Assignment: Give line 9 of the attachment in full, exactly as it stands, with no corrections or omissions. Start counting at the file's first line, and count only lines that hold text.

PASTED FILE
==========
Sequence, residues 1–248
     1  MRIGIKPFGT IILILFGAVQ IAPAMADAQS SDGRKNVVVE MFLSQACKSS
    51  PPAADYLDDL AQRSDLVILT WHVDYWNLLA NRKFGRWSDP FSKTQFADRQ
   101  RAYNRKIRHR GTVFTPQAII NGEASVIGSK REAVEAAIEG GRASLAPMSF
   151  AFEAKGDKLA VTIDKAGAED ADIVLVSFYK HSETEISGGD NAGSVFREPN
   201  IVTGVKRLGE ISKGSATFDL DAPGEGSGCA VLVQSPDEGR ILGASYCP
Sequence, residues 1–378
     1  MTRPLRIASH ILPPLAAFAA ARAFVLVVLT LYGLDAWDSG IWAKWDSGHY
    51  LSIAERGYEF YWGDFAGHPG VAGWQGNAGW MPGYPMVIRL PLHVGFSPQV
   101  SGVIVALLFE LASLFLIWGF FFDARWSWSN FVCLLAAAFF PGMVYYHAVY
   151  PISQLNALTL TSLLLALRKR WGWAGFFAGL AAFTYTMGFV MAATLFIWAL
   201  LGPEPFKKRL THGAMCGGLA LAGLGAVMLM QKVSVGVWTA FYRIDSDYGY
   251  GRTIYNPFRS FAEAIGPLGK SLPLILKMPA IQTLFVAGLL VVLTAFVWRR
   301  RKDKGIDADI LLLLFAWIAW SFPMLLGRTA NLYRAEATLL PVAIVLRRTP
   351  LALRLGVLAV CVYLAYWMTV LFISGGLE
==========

    51  LSIAERGYEF YWGDFAGHPG VAGWQGNAGW MPGYPMVIRL PLHVGFSPQV